A set of leaked photos reveals what mid-size premium sedans enthusiasts have been trying to see by imaginarily peeling of the camouflage in the spy photos. Meet the 2024 Mercedes-Benz E-Class.
Mercedes-Benz has been hard at work with its W214, set to start rolling off the assembly line in 2023 as a 2024 model. Months before the official reveal, a Chinese website published photos of the car coming out from under a white tarpaulin. But what is out is enough for us to understand that Mercedes is steering into a whole new direction. The radiator is wider than that of the W213, going for the horizontal double slats layout of the S-Class. But the headlights that flank it come with a completely new design, displaying a curvy cut into the front bumper and making the E-Class look like it’s frowning.
Frowning is what we do, trying to figure out the interior design with the three-spoke steering wheel hiding under a plastic protective cover. The floating instrument cluster makes its way behind the steering wheel. The dashboard that is ripped apart from a car features a central screen set onto what looks like a wooden trim covering the dashboard almost entirely, air vents included. Production versions will most likely stray away from this improvised version of the dashboard.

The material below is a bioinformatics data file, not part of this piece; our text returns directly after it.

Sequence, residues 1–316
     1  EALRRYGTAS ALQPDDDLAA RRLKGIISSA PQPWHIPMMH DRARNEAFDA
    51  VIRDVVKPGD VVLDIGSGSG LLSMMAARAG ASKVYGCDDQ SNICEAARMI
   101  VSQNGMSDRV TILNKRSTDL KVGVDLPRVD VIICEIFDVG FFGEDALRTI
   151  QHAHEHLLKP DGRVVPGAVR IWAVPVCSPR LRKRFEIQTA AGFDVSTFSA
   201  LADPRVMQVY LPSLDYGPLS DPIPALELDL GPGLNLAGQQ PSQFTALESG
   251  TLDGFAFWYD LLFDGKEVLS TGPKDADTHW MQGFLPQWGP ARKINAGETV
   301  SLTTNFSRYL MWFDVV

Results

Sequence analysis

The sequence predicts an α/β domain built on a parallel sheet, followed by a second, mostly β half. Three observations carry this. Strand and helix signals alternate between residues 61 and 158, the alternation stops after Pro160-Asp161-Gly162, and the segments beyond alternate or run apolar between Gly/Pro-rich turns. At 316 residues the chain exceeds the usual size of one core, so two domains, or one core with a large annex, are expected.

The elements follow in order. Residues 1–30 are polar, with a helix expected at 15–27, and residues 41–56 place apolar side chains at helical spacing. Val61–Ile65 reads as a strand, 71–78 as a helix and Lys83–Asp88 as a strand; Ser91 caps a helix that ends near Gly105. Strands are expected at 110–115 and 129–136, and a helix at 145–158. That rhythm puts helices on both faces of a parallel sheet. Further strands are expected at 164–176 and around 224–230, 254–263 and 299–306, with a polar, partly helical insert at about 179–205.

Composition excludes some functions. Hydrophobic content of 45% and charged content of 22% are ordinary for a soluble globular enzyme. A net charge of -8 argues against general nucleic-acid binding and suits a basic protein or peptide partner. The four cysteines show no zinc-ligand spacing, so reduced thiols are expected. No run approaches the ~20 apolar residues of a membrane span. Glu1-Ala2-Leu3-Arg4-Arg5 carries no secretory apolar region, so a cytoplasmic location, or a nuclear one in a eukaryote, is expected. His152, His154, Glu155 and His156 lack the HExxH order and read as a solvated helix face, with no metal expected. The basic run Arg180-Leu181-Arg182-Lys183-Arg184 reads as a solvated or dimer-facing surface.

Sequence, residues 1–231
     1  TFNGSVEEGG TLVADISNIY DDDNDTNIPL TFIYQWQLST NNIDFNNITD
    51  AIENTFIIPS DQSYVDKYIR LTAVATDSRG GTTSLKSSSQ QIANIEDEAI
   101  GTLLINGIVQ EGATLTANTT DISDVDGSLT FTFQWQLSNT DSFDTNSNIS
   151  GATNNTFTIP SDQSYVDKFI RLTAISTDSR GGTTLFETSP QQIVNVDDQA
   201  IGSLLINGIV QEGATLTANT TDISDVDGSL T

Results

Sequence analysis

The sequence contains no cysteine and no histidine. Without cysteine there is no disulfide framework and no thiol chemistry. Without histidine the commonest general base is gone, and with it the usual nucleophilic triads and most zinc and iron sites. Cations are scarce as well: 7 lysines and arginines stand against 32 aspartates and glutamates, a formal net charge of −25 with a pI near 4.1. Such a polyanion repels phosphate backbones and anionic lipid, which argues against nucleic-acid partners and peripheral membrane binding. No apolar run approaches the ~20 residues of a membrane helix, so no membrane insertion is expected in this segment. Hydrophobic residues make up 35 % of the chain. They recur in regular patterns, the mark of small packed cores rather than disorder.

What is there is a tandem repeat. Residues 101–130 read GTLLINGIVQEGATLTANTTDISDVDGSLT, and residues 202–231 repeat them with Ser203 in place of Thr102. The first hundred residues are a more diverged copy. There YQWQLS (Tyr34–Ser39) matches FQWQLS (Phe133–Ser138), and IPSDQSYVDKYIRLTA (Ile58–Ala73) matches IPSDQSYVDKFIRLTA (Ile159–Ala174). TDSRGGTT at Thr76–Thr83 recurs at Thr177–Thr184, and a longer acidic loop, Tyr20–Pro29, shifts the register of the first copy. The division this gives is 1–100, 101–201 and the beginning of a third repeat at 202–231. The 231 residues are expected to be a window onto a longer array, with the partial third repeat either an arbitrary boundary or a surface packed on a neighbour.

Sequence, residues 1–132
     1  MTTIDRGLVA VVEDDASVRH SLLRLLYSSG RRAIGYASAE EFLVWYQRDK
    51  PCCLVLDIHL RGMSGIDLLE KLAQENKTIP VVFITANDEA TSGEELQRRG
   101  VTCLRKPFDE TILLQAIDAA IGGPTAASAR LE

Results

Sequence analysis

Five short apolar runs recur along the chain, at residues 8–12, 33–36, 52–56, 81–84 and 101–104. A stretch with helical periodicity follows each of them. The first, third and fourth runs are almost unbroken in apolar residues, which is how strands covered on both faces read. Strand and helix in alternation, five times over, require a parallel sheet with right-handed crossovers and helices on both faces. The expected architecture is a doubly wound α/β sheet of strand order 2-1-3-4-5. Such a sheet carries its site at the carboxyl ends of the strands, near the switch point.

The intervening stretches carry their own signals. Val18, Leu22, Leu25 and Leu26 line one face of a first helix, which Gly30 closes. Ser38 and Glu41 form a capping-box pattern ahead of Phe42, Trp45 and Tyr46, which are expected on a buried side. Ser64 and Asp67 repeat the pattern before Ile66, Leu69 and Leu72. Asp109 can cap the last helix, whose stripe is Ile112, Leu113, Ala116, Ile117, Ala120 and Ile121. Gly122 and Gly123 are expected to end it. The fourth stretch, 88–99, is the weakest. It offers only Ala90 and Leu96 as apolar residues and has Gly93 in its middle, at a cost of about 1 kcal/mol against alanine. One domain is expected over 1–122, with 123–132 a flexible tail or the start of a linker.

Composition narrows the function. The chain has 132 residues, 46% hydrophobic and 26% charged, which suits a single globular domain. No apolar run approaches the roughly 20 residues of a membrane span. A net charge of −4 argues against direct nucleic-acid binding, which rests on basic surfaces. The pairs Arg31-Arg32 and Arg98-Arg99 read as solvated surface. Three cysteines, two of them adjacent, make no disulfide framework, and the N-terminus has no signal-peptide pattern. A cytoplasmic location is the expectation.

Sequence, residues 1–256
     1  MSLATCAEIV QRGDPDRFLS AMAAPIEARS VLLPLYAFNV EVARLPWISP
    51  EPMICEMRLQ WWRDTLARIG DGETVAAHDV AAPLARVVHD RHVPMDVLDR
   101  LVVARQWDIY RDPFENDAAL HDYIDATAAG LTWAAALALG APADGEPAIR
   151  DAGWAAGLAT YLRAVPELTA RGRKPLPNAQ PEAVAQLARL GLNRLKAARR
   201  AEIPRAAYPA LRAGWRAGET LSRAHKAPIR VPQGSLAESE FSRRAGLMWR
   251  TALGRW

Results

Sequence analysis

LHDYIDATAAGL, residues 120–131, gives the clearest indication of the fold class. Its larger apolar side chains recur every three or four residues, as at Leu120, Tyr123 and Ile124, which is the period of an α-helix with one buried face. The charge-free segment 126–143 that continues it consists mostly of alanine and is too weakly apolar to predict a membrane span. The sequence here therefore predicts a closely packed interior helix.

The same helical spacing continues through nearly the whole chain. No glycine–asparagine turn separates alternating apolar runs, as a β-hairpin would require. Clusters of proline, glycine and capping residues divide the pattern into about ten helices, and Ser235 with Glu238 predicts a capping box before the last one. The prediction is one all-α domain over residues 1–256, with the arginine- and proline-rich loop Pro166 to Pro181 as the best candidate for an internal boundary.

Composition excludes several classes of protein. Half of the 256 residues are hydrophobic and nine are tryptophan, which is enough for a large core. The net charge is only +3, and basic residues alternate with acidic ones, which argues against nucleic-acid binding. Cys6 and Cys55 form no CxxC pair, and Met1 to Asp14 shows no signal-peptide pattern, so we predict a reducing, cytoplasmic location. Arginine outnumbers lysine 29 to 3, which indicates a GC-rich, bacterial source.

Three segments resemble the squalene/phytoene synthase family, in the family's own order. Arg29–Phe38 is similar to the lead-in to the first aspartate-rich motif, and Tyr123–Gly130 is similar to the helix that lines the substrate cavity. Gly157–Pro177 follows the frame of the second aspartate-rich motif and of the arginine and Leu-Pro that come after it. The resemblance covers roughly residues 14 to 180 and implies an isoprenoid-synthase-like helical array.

What we do know is that the 2024 Mercedes-Benz E-Class will be getting the latest-gen MBUX, but there will be no Hyperscreen in the lineup. The gigantic display that stretches from one A-pillar to the other will remain an exclusive feature for the upper models.
Electrification all across the 2024 Mercedes-Benz E-Class lineup
As the last E-Class generation with combustion engines, the model will come with the MRA II architecture, just like the S-Class and the C-Class. The lineup will include four- and six-cylinder engines with electrification. Customers will be able to choose from mild hybrid, full hybrid and plug-in hybrid.
While waiting for the Euro 7 regulations, which will complicate things in terms of emissions for carmakers, Europeans will still get diesel engines. The American market will skip those. But the V8 engine is out of the question for all markets out there.